Used in Japan as a sweetener, beverage, or a simple alcoholic drink.  Amazake is one of the best known cultured and fermented items from Japan.   There are several recipes for amazake that have been used for hundreds of years. By a popular recipe, kōji is added to cooled whole grain rice causing enzymes to break down the carbohydrates into simpler unrefined sugars.  As the mixture incubates, sweetness develops naturally.
By another popular recipe, sake kasu is simply mixed with water, but usually sugar is added.  In this recipe, amazake becomes low-alcohol beverage if given time.

Amazake can be used as a dessert, snack, natural sweetening agent, baby food, added in salad dressing or smoothies. The traditional drink (prepared by combining amazake and water, heated to a simmer, and often topped with a pinch of finely grated ginger) was popular with street vendors, and it is still served at inns, tea houses, and at festivals.  Many Shinto shrines in Japan provide or sell it during the New Year!

amazake drink
Ready to Drink Amazake

What is needed…

3- cups cooked brown rice
1- cup light koji rice

Yield: 4 cups of fermented rice to use as a sweetener or 3 quarts Amazaké drink

Incubation Temperature: 120-140 F (50-60C)

Start by cooking the brown rice and allowing it to cool to at least 140 F (60C).  Once cooled, stir in the koji rice and mix well.  Place mixture into a glass or stainless steel container that will allow an inch of “headroom” to allow for expansion during the fermentation process.  Cover container and incubate, stirring every couple of hours to prevent heat build up.  The finished product can take as little as 6 hours with quality, fresh (not dried) koji-kin at optimum temperatures, after 6 hours start tasting the ferment to see if the cycle is complete.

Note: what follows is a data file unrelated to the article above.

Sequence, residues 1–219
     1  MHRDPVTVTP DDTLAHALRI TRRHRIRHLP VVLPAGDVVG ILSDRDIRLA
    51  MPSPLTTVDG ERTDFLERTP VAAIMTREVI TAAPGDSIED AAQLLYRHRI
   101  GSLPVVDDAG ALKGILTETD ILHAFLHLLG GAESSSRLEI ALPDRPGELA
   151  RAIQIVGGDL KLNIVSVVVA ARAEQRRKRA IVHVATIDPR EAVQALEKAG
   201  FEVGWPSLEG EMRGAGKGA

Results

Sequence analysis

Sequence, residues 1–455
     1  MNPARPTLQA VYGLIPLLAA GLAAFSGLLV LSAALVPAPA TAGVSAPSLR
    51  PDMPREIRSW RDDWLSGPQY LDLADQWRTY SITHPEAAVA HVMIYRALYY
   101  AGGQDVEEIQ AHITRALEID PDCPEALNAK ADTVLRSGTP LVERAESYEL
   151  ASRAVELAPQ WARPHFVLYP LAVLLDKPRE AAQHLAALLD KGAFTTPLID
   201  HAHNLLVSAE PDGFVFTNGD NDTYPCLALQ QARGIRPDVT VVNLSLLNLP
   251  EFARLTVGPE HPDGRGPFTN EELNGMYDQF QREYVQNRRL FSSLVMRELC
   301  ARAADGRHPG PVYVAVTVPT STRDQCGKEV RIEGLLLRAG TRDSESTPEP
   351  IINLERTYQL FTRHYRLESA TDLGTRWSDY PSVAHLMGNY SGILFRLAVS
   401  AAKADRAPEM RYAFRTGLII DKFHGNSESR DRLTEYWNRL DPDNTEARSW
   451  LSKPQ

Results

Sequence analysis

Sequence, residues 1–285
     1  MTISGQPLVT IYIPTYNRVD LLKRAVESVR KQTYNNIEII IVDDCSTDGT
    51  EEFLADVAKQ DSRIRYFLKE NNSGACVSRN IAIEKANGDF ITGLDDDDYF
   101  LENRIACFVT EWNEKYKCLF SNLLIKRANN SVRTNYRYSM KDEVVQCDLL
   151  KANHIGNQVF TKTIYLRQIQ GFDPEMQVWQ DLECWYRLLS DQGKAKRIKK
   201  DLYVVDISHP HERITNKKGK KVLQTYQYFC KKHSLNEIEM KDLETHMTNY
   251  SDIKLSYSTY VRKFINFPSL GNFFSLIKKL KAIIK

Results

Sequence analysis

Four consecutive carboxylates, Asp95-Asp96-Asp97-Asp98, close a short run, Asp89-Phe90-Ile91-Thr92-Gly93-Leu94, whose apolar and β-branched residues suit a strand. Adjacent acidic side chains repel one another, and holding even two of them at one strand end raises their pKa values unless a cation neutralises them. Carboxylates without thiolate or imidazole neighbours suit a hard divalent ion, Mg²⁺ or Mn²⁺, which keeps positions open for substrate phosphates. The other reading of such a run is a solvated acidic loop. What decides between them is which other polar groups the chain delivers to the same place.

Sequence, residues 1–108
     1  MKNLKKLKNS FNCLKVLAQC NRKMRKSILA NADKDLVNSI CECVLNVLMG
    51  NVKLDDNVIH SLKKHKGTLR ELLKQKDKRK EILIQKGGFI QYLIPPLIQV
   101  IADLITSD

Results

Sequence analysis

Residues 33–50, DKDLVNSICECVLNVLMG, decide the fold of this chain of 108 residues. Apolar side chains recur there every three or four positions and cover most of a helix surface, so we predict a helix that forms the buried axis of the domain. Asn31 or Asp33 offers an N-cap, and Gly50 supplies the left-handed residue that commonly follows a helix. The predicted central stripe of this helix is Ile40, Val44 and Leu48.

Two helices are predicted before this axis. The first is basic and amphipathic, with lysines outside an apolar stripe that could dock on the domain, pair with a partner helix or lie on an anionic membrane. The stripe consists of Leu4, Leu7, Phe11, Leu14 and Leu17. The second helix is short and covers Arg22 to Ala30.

When finished the ferment should thicken like porridge with a mild sweet taste.  The sweetness will increase up to a point after which it will change and start to become sour.  Once the taste is to your liking, place into a saucepan and bring to a boil.  Reduce the heat and simmer for 3 to 5 min., stirring frequently.  Boiling will stop the fermentation process keeping the amazaké sweet.  For a smother amazaké consistency purée the mixture in a blender until smooth.  Refrigerate any ferment not used right away.  If not, the amazaké will become very sour.